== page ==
What we learned: Week 6

October, 6, 2013
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Saturday's 34-31 overtime win against Tennessee kept Georgia's championship hopes alive, but it might have come at an enormous cost. That's what we'll focus on first in this week's “What we learned.”

Injuries might be Georgia's undoing: The Bulldogs survived on Saturday ... barely ... but what happened at Neyland Stadium might have dealt a devastating blow to Georgia's championship chances. All-SEC tailback Todd Gurley didn't play and should be back before long, but fellow running back Keith Marshall might not be that lucky. Marshall and receivers Michael Bennett and Justin Scott-Wesley all suffered what appeared to be serious knee injuries. With wideout Malcolm Mitchell already out for the season with a knee injury, the Bulldogs could be without many of their top offensive playmakers for an extended period of time. Coach Mark Richt will likely reveal the extent of the damage -- or as he called it after Saturday's win, “carnage” -- on his Sunday evening teleconference.

Special teams/defensive issues remain: A feeling of impending doom no doubt swept over Georgia's fan base when the numerous injuries caused the Bulldogs' potent offense to start sputtering. That's because the Bulldogs were forced to lean more heavily on their sloppy defensive and special teams units. Tennessee blocked a punt for a touchdown, got a key penalty against Blake Sailors on an impending punt after a third-down stop -- then turned a fourth-and-short run into a 43-yard gain by Rajion Neal -- and built plenty of late momentum against Georgia's defense. The Vols scored 28 points and rolled up 277 yards after halftime and came within inches of scoring a touchdown in overtime, but Alton Howard's dive toward the pylon saw him fumble the ball through the end zone for a touchback just before breaking the goal line.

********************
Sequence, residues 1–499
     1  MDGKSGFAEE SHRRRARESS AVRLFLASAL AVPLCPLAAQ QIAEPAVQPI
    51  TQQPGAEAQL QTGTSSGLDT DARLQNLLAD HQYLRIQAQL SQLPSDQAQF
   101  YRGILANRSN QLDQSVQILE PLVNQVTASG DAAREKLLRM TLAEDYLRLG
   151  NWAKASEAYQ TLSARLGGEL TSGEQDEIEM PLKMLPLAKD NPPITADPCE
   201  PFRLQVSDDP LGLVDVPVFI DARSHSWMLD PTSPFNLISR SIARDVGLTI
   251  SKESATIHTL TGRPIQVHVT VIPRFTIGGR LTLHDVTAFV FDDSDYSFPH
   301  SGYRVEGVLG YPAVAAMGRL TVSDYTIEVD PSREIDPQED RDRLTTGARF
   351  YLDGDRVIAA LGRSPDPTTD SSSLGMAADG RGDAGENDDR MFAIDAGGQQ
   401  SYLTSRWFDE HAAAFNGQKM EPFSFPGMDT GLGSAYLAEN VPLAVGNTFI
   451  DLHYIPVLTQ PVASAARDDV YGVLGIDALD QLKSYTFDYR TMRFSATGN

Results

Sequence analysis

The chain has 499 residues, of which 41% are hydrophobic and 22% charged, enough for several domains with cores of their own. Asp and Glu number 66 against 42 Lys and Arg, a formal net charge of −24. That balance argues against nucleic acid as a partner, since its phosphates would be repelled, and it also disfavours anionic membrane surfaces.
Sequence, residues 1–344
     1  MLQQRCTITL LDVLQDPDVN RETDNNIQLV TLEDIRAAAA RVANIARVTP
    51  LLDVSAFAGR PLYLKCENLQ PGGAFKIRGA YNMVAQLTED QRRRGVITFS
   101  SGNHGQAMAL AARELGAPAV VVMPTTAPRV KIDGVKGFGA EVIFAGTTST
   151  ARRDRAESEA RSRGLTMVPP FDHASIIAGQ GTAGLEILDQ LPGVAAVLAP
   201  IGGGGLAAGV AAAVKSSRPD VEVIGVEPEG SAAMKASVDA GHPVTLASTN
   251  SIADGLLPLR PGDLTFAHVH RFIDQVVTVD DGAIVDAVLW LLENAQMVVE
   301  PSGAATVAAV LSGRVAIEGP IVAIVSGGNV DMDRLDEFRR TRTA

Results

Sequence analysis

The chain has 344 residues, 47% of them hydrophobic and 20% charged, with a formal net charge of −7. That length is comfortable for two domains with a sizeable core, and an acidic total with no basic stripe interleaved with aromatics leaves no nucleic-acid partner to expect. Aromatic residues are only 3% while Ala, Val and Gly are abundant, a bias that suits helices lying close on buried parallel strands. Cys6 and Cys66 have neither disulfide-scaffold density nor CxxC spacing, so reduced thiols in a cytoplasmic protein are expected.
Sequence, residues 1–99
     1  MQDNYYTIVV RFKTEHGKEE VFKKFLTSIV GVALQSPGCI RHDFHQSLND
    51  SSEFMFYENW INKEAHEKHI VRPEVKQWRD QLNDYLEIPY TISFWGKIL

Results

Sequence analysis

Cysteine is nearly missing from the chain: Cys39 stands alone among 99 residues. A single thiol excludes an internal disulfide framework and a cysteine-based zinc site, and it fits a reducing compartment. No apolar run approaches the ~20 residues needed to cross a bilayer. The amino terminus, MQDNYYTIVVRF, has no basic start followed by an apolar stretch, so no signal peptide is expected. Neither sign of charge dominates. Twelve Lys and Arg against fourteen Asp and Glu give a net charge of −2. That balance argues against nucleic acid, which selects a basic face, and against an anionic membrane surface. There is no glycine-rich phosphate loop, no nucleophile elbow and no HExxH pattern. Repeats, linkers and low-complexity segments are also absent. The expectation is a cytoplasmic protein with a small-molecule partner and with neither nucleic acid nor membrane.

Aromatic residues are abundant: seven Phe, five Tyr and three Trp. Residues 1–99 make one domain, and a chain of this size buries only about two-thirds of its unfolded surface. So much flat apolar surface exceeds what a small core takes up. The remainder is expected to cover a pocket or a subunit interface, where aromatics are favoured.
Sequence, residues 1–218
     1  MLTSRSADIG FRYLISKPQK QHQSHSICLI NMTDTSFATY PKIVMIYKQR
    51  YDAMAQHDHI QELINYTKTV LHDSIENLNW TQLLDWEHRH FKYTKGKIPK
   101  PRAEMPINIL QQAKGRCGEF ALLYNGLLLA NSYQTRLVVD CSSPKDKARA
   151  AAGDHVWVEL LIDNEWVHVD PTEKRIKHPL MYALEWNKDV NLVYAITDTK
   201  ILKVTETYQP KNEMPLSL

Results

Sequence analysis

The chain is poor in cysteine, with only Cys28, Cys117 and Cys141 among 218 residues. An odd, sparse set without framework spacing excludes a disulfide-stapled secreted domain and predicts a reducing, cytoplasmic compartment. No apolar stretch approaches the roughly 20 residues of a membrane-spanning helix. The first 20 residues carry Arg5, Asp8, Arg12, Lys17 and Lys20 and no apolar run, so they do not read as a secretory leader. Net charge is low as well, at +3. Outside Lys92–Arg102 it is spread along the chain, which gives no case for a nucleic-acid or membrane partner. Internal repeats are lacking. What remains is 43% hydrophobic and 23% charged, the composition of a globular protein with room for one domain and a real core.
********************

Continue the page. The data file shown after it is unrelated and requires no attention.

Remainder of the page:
Freshmen can run: Little-used tailbacks J.J. Green and Brendan Douglas had to take over with injuries sidelining stars Marshall and Gurley. But the two freshmen delivered, with Green (17 carries, 132 yards) pacing Georgia's running game throughout the afternoon. Douglas scored Georgia's first touchdown of the fourth quarter and also made a key 32-yard catch and run to Tennessee's 13-yard line, setting up Aaron Murray's game-tying touchdown pass to Rantavious Wooten with 5 seconds remaining. It was a terrible position for the freshmen to be put in on Saturday, but Georgia had to depend on them and they responded with a number of key plays that made a difference in the outcome.